Votebuilder is the common name for the Voter Activation Network (VAN). It is a collaborative project between the Democratic National Committee, the Virginia Democratic Party, local party units, and Democratic campaigns in Virginia.
In recent years, Votebuilder has become the backbone of nearly every major Democratic campaign. In simple terms, it is an online database management program that allows campaigns to easily utilize the state voter records to mobilize Democratic voters and volunteers.
The default data in Votebuilder comes from voter registration records maintained by the Virginia Department of Elections. This includes name, address, home phone number, vote history, and more. There are also pieces of data that are provided by the Democratic Party, like scores and cell phone numbers. This part of Votebuilder is known as My Voters. Anyone who is a registered voter in Virginia will appear in the My Voters side of Votebuilder. As of 3/7/22, there are 9,706 registered voters in Madison County.
Everything else in Votebuilder is data that campaigns and local committees add to the system over the course of the cycle. One of the data sets unique to each campaign is the My Campaign part of Votebuilder. Whereas My Voters is based on information the Dept. of Elections provides, My Campaign is based purely on data that each individual campaign enters into the system. If a campaign is using Votebuilder for the first time there will not be any records in the My Campaign side of Votebuilder. Records must be added by the campaign itself.
Join us at the LOW clubhouse for a buffet dinner, and to talk about Virginia’s, and America’s future. Festivities begin with a cash bar from 6 to 7 p.m. Dinner is at 6:45 with Virginia Ham, Atlantic Cod, Red Bliss Potatoes, Vegetable Medley and Apple Pie. (Please let us know if vegetarian or vegan choices are preferred.)
$50 per person with proceeds to the Ben Hixon campaign.
Whereas it is the duty of the Culpeper County Democratic Committee to issue the Call to Caucus for the purpose of electing delegates to the 2017 30th District (Orange, Madison and Part of Culpeper) House of Delegates District Democratic Convention which will be held on the 29th day of April in 2017, beginning at 10 am, in the Culpeper County Democratic Committee Head Quarters located at 102 North Main Street, Culpeper, VA, 22701, on the second floor. Now therefore be it resolved that the Culpeper County Democratic Committee hereby issues the Call to Convention for the 2017 Democratic Party Caucus to convene at noon, at the Culpeper Co. Democratic Committee 102 North Main Street, Culpeper, VA, 22701 for the sole purpose of electing delegates to the 30th House of Delegates District Democratic Convention.
While outside groups are getting the attention, local Democratic parties nationwide are seeing a surge of interest.
By Ryan Grim , Amanda Terkel
The resistance to President Donald Trump has taken a variety of forms, all of them well chronicled by the media. The Women’s March, which saw some 5 million people take to the streets in a single day, helped fuel the growth of Indivisible chapters around the country, and has itself continued organizing meetings and protests since. The groups Swing Left, Flippable and The Sister District Project are routing people to swing districts where they can be most effective.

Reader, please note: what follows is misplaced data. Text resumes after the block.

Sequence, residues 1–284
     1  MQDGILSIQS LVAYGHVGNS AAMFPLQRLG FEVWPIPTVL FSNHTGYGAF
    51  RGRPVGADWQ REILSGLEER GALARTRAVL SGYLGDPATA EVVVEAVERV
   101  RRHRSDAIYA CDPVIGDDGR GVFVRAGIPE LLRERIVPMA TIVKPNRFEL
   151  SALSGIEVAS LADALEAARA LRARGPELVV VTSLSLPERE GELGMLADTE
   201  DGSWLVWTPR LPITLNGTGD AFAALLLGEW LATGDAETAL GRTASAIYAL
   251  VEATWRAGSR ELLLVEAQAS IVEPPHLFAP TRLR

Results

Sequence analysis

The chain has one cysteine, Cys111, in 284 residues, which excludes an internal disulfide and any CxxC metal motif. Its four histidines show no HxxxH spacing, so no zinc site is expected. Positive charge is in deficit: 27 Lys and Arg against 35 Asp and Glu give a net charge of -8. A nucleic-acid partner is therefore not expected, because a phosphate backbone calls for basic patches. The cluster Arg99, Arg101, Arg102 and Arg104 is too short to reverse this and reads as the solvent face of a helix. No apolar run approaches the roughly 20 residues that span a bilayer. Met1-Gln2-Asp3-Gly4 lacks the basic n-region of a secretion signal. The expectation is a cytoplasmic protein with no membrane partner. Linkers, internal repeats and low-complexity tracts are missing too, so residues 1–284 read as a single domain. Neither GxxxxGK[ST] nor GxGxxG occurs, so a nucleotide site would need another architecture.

[intense_alert block=”1″ margin_bottom=”25″]Democrats have already won two special elections in Virginia since November, and the state House and governor’s mansion will be up for grabs this fall. If Democrats can ride a new wave into power, the gerrymandering of 2010 can be rolled back. Local officials say they’re focused on creating a positive vision and a constant stream of activities to keep these new activists engaged.[/intense_alert]
Amid it all, observers and participants alike have wondered what the name is for this nascent movement. The Resistance? The Opposition?
But if the swelling ranks of county-level meetings are an indication of things to come, the grassroots movement underway already has a name. It’s called the Democratic Party.
Shocked by the outcome of the election and fearful for the future of the country, people of all ages, some of them Democrats, some independents, some Greens, found the time and location of a local party meeting and showed up.
It’s a well-worn story now about how John A. Boehner, then House minority leader, joined a rising star in his caucus, Rep. Kevin McCarthy, in April 2009 for one of the first major tea party protests in the California Republican’s home town of Bakersfield.
A little more than six years later, after they surfed that wave into power, the movement consumed both of them. Boehner was driven out of the House speaker’s office and McCarthy’s expected succession fell apart, leaving him stuck at the rank of majority leader.
The women’s marches that brought millions onto streets across the country the day after Trump’s inauguration — spurred organically through social media — opened Democratic leaders’ eyes to the possibilities.
Democrats are well aware of that history as they try to tap the energy of the roiling liberal activists who have staged rallies and marches in the first three weeks of Donald Trump’s presidency.
What if they can fuse these protesters, many of whom have never been politically active, into the liberal firmament? What if a new tea party is arising, with the energy and enthusiasm to bring out new voters and make a real difference at the polls, starting with the 2018 midterm elections?